Wesley Bell was not favored to win his race for the top prosecutor's job in St. Louis County, Missouri.
Not many people or polls gave him a chance. Robert McCulloch, 67, had held the position for more than 25 years. In 2014, McCulloch chose not to file charges against the police officer who shot and killed Michael Brown.
On Tuesday, Bell won the race with nearly 57 percent of the vote.
“This election was clearly a referendum on the need to reform the criminal justice system to make sure it's fair for all,” Bell told NBC News. “The idea of reform has taken hold all over the country.”
Bell, 43, is an outspoken advocate of criminal justice reform. He grew up in St. Louis County, which surrounds but does not include the city of St. Louis, and has experience as a lawyer, municipal court prosecutor and public defender. His father was a police officer.
His victory came the day before the fourth anniversary of Michael Brown's death. With no Republican on the November ballot, winning the Democratic primary essentially means Bell has the prosecutor’s job.
“I’d be lying if I didn’t say it feels good to win,” Bell said. "I don’t want to make this a personal thing. The issues here go well beyond Mr. McCulloch.”
“This is not only hugely symbolic because [McCulloch] wouldn’t prosecute Darren Wilson in the death of Michael Brown,” said Tony Messenger, a columnist for the St. Louis Post-Dispatch. “It’s meaningful because people now look at that office and say there might be change. Black people might not be arrested and put in jail on minor offenses as often as they are today.”
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Activist Kayla Reed, 28, who leads For Action St. Louis, said McCulloch was elected the same year she was born and is “the only prosecutor an entire generation of St. Louis County residents has ever known.”
She said the movement that was sparked after Brown’s death is alive and well and still growing.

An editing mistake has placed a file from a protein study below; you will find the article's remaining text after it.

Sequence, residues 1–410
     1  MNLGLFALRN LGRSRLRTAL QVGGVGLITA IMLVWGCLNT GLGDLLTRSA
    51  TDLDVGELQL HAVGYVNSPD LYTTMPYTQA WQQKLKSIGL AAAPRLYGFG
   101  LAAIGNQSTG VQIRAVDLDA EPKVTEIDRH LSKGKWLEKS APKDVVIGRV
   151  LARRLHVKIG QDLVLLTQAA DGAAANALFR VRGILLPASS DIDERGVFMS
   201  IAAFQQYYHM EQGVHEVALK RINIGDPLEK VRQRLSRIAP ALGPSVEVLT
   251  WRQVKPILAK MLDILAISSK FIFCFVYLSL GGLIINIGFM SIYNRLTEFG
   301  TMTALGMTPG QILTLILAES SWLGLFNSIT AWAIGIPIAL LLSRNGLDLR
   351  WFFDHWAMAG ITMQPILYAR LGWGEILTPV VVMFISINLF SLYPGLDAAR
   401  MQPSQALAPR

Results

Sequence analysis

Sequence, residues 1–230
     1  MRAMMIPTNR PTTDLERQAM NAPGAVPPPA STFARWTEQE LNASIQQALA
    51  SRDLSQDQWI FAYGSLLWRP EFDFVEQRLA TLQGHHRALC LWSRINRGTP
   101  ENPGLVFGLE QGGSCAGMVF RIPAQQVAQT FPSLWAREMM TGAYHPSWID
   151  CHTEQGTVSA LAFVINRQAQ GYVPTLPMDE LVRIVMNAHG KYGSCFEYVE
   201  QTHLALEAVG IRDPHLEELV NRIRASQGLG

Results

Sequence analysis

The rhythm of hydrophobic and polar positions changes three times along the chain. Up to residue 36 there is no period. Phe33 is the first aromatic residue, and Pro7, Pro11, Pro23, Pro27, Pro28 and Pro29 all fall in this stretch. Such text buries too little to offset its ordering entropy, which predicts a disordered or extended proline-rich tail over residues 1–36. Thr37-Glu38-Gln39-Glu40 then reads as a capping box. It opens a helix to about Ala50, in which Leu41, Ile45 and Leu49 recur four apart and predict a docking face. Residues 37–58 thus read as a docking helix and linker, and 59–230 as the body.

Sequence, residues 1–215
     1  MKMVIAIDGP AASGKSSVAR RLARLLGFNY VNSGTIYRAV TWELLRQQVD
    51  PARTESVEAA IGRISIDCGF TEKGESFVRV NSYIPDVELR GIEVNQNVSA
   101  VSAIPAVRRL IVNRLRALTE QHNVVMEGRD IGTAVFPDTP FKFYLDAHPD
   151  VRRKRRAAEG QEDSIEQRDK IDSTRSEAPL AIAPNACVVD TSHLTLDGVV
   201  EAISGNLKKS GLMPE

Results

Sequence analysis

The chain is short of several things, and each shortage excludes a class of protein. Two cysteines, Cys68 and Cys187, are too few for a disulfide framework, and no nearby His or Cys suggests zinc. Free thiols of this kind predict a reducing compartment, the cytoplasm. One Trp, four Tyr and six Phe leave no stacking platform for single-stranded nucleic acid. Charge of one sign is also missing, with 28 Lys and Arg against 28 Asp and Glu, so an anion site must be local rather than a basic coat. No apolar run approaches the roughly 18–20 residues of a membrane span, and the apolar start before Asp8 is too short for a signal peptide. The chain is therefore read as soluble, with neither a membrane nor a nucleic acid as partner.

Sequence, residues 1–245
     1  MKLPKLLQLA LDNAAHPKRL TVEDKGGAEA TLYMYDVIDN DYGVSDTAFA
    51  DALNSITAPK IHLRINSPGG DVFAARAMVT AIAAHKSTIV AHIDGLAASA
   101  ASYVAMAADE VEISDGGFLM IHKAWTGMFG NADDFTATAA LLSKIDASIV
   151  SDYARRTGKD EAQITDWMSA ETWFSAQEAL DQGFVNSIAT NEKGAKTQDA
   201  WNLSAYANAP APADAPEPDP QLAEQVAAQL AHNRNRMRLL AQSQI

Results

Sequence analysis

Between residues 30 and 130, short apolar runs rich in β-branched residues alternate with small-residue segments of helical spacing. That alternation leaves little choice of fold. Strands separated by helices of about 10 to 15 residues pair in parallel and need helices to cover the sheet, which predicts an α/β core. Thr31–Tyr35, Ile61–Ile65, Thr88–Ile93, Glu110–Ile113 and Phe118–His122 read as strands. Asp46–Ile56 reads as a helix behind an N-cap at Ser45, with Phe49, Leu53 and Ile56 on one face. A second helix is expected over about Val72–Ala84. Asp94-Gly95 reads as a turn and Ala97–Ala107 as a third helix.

“We are committed to using every tool at our disposal to transform our communities.”
A recent report by the Missouri attorney general found racial profiling is still a problem across the state. It says that “African-American drivers are 85 percent more likely to be pulled over than whites — the highest percentage in the 18 years the state has compiled data.”
National activists for reform hailed Bell's victory and vowed to replicate it.
“We will make criminal-justice reform a ballot-box issue in 2018 and beyond,” Rashad Robinson of Color of Change said in a statement.
Black Lives Matter activist DeRay Mckesson weighed in on Bell's victory on Twitter:
Local area activist Daniel Gould of Missouri Faith Impact, who was one of many grassroots volunteers for Bell, said the protests over Brown's killing helped ignite Bell's campaign.
“It started with conversations we had four years ago, taking that rage and all that pain and trauma and [moving] it to a place of healing,” he said.
Supporters like Gould targeted communities often ignored by candidates.
“They were so excited and filled with joy and peace and love that we even showed up,” Gould said.
In the wake of the Michael Brown killing, Bell won a seat on the Ferguson City Council.
He was part of a wave that also gave Ferguson its first black police chief. The police force now has more black officers.
Bell plans to focus on eliminating cash bail for non-violent offenders in order to change a system that he argues sends too many minority suspects to prison and causes too many people to "lose jobs, home and custody of their children."
“There have been a lot of very uncomfortable conversations and a lot of hard work," Bell says about Ferguson. “We’re moving the ball forward.”
While recognizing that Ferguson played a role in his victory, Bell emphasizes he will be a leader for all of St. Louis County.
Bell has also promised to voters that any police officer-involved shooting will be handled by a special prosecutor.
“I heard the comparison of David and Goliath so many times,” Bell told NBC News. “I tried to keep reminding people who won.”